After talking on occasion and developing a friendship over a couple of years, Lynch proposed that Herman move to Tampa to build a new media center at St. Petersburg Catholic High School. Herman moved to Tampa and built the media center, then was given contracts to do partial renovations and additions at that school and Clearwater Central Catholic. He also was awarded contracts to build new offices for the diocese and the new high school.

    Herman's company faced no competition from established local contractors on any of those jobs. In an interview last week, Lynch said he and Herman were friends and had traveled together both domestically and overseas. The bishop said he was personally involved in selecting Herman or communicating his preference for Herman's company on each of those jobs.

    In the letter, Lynch calls the Times story "incomplete and misleading" and points out that other companies have won millions in no-bid contracts during his tenure, which began in 1996. Yet there still was competition for the work in most of those cases. Nearly all of those contracts cited in the letter were awarded after more than one contractor was interviewed by a pastor or building committee, and a decision was made on who would do the best job at the best price.

    In an interview last week, Herman said he had attempted to win a couple of parish contracts in the diocese but lost to other companies after the interview process.

    "I'm not an interviewer," Herman said. "I went up there by myself because I didn't know any better. And I just sat down and talked to them. My strong point is not presentations."

    In the letter, Lynch also defends the 10 percent fee Herman is receiving for the high school job -- a payment which could amount to $1.9-million if the school costs the guaranteed maximum in construction management fees. The 10 percent fee is considerably more than public high school districts pay for construction management, but Lynch said it is not out of line compared with fees paid to other construction companies working on church projects.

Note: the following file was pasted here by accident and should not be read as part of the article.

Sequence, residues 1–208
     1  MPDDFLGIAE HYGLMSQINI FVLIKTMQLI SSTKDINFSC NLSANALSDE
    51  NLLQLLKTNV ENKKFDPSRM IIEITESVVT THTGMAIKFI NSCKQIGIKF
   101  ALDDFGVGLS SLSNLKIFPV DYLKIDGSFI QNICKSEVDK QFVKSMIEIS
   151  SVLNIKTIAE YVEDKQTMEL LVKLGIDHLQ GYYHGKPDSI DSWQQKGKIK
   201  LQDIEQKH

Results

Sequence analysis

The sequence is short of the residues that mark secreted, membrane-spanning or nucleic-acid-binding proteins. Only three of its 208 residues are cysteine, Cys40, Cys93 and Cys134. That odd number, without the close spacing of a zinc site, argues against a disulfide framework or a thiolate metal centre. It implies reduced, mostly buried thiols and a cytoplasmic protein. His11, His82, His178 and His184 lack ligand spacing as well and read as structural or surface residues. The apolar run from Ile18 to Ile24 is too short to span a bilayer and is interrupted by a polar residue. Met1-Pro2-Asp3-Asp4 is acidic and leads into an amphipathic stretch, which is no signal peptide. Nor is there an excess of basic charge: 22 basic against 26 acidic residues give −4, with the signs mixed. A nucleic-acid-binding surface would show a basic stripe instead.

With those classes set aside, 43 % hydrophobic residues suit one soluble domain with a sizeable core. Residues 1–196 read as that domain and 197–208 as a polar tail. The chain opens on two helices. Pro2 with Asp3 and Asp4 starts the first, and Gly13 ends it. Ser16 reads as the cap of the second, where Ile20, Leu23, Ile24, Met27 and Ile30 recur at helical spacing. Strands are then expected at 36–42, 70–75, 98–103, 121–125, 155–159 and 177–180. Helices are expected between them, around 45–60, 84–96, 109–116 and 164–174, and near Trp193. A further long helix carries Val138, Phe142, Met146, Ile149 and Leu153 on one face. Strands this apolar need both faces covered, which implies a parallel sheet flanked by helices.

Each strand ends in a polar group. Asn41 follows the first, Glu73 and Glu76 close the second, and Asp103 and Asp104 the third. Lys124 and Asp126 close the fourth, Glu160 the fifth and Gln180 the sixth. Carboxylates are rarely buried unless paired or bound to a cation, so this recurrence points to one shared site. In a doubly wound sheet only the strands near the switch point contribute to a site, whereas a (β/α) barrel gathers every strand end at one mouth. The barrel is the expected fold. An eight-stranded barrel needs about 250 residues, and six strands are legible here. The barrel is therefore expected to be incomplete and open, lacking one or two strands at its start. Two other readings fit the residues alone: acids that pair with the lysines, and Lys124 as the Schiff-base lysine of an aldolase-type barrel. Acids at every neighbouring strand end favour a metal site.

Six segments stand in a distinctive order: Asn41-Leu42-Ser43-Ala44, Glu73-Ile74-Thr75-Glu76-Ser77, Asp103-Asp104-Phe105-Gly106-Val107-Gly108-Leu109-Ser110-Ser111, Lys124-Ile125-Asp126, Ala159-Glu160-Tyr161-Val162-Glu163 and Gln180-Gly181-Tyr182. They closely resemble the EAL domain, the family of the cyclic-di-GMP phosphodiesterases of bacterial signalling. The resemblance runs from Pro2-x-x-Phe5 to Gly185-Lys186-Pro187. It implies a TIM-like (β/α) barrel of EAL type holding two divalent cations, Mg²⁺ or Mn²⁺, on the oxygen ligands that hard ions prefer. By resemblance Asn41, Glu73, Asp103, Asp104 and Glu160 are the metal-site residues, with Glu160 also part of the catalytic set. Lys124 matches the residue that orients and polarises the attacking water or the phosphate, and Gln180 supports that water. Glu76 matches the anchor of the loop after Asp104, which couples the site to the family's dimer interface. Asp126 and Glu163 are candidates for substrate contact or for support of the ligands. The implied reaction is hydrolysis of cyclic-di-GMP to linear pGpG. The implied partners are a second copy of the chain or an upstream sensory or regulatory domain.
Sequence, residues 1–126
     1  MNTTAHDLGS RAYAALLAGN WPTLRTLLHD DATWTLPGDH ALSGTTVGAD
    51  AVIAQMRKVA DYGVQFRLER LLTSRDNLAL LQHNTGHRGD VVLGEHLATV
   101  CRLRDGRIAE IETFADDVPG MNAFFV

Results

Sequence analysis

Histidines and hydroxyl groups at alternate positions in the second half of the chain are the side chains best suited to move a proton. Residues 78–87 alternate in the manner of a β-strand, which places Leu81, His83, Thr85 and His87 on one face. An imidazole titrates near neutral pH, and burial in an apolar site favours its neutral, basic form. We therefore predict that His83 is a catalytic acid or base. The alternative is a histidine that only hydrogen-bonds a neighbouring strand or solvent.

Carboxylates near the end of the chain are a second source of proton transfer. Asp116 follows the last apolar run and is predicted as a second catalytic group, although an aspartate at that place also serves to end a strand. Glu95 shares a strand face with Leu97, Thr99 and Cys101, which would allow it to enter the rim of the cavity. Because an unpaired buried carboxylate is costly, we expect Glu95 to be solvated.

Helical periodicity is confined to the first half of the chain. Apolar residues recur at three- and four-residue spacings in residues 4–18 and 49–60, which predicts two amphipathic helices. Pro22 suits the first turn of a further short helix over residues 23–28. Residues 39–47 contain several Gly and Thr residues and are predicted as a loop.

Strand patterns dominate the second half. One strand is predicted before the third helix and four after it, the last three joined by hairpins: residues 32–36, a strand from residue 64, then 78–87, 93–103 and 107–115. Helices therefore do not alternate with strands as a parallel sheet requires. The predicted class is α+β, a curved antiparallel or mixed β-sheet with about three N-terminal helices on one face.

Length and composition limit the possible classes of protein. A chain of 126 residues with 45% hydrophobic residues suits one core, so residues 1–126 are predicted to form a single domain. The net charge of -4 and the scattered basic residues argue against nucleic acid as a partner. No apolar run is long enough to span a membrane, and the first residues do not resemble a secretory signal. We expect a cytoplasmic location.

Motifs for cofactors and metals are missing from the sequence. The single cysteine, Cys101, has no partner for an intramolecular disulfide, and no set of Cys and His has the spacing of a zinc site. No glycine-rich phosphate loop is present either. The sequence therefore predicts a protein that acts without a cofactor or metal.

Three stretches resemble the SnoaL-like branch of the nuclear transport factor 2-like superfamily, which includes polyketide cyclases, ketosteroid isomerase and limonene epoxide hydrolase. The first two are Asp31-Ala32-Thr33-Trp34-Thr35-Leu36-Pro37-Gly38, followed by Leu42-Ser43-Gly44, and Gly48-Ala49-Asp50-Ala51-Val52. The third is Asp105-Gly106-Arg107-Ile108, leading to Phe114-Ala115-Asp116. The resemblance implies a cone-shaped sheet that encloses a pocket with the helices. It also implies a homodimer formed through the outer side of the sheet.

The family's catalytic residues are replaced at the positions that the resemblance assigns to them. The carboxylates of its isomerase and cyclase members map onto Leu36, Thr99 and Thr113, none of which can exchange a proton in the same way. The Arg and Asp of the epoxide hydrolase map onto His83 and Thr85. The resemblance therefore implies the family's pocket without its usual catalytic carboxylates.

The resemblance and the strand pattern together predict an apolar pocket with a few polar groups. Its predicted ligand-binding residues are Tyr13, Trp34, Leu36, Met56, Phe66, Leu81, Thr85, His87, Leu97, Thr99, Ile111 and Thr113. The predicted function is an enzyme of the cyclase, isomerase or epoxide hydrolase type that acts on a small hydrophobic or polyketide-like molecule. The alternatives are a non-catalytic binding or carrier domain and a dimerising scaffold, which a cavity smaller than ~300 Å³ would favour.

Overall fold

"The bottom line is that the diocese pays all companies ten percent or more for their work," Lynch wrote.

    In the letter, Lynch also disagreed with comparisons made between the estimated cost per square foot for the new Catholic high school and the cost of Mitchell High School, a Pasco public school built to the south of the new Catholic project.

    Mitchell High cost Pasco County $84.02 per square foot for construction and management, while the new Catholic high school will cost as much as $97.15 per square foot for the same tasks.

    But Lynch said in his letter that Mitchell High does not have an auditorium or complete athletic fields, features that can add to the cost per square foot of a school.

    "McLaughlin High School was to be built as a 'state of the arts' high school that includes an auditorium (usually the most expensive facility on the campus), athletic facilities, a chapel, a performing arts center with full theatrical lighting and sound; and technology for wireless computer access in all buildings," Lynch wrote.